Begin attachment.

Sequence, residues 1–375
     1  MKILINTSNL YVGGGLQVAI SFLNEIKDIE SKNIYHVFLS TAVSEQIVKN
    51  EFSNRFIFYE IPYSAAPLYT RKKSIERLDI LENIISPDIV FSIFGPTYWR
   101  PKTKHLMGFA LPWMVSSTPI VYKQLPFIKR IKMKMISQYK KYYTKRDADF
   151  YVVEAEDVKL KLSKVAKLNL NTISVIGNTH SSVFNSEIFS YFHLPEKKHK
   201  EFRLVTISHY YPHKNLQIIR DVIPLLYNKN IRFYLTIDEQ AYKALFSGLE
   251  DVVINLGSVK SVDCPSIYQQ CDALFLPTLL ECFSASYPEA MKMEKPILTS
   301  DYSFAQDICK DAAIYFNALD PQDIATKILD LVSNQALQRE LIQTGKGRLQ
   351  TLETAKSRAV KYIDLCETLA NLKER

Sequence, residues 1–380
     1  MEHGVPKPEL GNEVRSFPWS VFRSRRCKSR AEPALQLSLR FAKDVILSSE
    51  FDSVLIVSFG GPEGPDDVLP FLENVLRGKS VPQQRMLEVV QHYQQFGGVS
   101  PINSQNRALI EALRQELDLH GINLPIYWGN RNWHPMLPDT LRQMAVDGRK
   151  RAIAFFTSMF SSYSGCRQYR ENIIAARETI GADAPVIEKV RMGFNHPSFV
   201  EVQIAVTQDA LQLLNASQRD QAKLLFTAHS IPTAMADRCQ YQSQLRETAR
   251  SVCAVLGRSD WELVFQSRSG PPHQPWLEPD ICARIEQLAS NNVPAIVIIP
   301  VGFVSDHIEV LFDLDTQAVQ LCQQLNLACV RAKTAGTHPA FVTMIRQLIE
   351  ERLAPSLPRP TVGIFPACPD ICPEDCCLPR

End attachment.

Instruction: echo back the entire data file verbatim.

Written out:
Sequence, residues 1–375
     1  MKILINTSNL YVGGGLQVAI SFLNEIKDIE SKNIYHVFLS TAVSEQIVKN
    51  EFSNRFIFYE IPYSAAPLYT RKKSIERLDI LENIISPDIV FSIFGPTYWR
   101  PKTKHLMGFA LPWMVSSTPI VYKQLPFIKR IKMKMISQYK KYYTKRDADF
   151  YVVEAEDVKL KLSKVAKLNL NTISVIGNTH SSVFNSEIFS YFHLPEKKHK
   201  EFRLVTISHY YPHKNLQIIR DVIPLLYNKN IRFYLTIDEQ AYKALFSGLE
   251  DVVINLGSVK SVDCPSIYQQ CDALFLPTLL ECFSASYPEA MKMEKPILTS
   301  DYSFAQDICK DAAIYFNALD PQDIATKILD LVSNQALQRE LIQTGKGRLQ
   351  TLETAKSRAV KYIDLCETLA NLKER

Sequence, residues 1–380
     1  MEHGVPKPEL GNEVRSFPWS VFRSRRCKSR AEPALQLSLR FAKDVILSSE
    51  FDSVLIVSFG GPEGPDDVLP FLENVLRGKS VPQQRMLEVV QHYQQFGGVS
   101  PINSQNRALI EALRQELDLH GINLPIYWGN RNWHPMLPDT LRQMAVDGRK
   151  RAIAFFTSMF SSYSGCRQYR ENIIAARETI GADAPVIEKV RMGFNHPSFV
   201  EVQIAVTQDA LQLLNASQRD QAKLLFTAHS IPTAMADRCQ YQSQLRETAR
   251  SVCAVLGRSD WELVFQSRSG PPHQPWLEPD ICARIEQLAS NNVPAIVIIP
   301  VGFVSDHIEV LFDLDTQAVQ LCQQLNLACV RAKTAGTHPA FVTMIRQLIE
   351  ERLAPSLPRP TVGIFPACPD ICPEDCCLPR